PORTLAND, Maine — The Maine State Ballet's performance of "The Nutcracker" is sure to awaken the holiday spirit in even the grumpiest humbug.
Sugarplum fairies, tin soldiers and a giant, growing Christmas tree light up the stage at the Merrill Auditorium in Portland as the Maine State Ballet puts on its 43rd production of the classic show which runs until December 8.
But what viewers don't see might be just as astounding as the actual show. It takes a small village of 300 dancers, dozens of volunteers, stagehands, tech people, and a 50-piece orchestra to put on "The Nutcracker."
Glenn Davis is the school director of the Maine State Ballet. He is also dancing alongside his wife in this year's performance as Clara's father, Mr. Stahlbaum.
"For us, it ushers in the holiday season," Davis said as he warms up with the dancers. Surprisingly, most of the dancers on the stage are not paid. There are only 30 company dancers from the Maine State Ballet in the performance, the rest are student dancers.
Lined up along the wall in the waiting room are more than 200 costumes, all hand sewn by volunteers, waiting for dancers to finish their hair and makeup before jumping into them. Volunteers like Alexis Bender, who has two daughters in the production, help keep the kids calm and get them to the stage on time. But she says the job is not hard.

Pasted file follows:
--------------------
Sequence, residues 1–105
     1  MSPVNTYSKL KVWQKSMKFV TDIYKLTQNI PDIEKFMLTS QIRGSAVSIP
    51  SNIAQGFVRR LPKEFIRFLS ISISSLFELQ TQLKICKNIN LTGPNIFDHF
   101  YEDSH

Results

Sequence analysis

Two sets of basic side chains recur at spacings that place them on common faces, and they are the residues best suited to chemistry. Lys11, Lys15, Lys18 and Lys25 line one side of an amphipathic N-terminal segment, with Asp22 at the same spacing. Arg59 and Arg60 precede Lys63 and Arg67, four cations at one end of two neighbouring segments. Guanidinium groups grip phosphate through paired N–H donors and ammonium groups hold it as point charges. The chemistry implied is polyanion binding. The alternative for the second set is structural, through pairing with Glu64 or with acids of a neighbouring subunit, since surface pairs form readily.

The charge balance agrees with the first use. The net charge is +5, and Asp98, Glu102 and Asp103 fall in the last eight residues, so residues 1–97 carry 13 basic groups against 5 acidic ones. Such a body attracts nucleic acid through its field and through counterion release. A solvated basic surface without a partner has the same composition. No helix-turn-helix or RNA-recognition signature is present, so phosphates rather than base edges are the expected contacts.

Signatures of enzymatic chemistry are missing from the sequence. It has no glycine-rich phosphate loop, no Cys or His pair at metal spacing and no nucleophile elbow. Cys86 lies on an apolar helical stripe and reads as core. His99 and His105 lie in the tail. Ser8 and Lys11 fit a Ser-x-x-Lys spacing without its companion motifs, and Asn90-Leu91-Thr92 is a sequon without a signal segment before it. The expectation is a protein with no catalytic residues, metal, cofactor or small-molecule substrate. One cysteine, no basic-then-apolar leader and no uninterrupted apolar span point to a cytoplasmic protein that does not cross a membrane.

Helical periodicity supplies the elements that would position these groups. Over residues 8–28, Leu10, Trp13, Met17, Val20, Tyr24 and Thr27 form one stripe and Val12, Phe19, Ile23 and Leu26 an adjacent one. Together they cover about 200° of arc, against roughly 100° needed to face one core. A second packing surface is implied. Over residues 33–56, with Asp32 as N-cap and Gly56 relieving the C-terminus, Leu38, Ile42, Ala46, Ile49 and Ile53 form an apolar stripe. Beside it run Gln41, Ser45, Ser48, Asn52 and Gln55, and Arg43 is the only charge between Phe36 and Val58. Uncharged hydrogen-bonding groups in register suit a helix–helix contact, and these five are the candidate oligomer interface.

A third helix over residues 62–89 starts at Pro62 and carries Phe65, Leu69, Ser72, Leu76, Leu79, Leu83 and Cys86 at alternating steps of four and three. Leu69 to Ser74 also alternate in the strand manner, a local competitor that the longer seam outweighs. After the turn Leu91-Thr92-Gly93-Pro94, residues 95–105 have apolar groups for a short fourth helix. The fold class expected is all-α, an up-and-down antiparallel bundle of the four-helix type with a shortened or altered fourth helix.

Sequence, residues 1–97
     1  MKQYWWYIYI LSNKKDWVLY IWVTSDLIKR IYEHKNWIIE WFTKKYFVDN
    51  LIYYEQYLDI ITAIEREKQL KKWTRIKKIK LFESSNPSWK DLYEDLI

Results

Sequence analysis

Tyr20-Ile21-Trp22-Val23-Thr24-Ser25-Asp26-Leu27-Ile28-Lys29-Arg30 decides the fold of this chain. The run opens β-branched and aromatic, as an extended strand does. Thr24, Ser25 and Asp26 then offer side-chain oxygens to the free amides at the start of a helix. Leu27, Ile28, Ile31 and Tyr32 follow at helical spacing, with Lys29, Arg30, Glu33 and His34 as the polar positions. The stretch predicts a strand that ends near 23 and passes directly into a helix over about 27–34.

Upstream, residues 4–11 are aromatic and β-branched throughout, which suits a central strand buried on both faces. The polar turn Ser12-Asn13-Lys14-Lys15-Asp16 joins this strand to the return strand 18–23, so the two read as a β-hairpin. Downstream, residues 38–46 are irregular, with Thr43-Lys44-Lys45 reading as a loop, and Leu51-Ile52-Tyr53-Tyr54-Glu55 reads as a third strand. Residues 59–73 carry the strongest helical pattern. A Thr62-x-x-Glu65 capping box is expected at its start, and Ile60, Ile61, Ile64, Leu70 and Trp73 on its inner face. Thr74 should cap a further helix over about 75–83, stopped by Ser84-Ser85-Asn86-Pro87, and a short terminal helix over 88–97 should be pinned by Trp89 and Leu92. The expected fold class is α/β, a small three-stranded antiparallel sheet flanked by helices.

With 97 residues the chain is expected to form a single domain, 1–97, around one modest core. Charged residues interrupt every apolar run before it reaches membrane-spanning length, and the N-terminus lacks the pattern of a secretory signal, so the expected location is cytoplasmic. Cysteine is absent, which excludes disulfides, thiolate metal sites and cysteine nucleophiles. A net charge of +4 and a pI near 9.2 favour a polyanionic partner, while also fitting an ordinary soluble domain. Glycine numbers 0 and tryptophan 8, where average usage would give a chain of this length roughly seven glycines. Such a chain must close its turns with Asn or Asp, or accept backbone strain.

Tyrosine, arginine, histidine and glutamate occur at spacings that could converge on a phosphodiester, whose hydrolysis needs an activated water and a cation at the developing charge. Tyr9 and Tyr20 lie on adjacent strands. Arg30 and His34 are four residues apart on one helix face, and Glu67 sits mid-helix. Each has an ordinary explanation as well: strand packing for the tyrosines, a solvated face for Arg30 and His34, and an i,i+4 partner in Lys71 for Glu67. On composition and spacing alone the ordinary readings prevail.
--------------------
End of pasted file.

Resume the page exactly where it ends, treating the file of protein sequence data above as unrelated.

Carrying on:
"These kids are amazing. They want to be here," Bender said as she wheels a rack of solider suits.
Freyja Rogenes, 12, from Georgetown, is a porcelain doll in this year's ballet. She has been in "The Nutcracker" since she was 4 years old. Her grin extends from ear to ear as she shows me her curls which she admits are the hardest part of being in the production because "my hair just doesn't hold curl well, but we finally found a hairspray that works."
Kate Bender, 14, from Falmouth, glues false eyelashes to Freyja's lids.
"Everyone's a family here. It's a really, really supportive environment," Kate said as she concentrated on Freyja's eyes.
And even though these girls have been in this production for almost a decade they say they still get nervous. The excitement is almost palpable in the dressing room as a countdown is heard over the speaker.
Back on stage, the seats are full, the lights are up, and the orchestra is playing.
"A lot of people come for generations. They just love coming back every year," said Davis.
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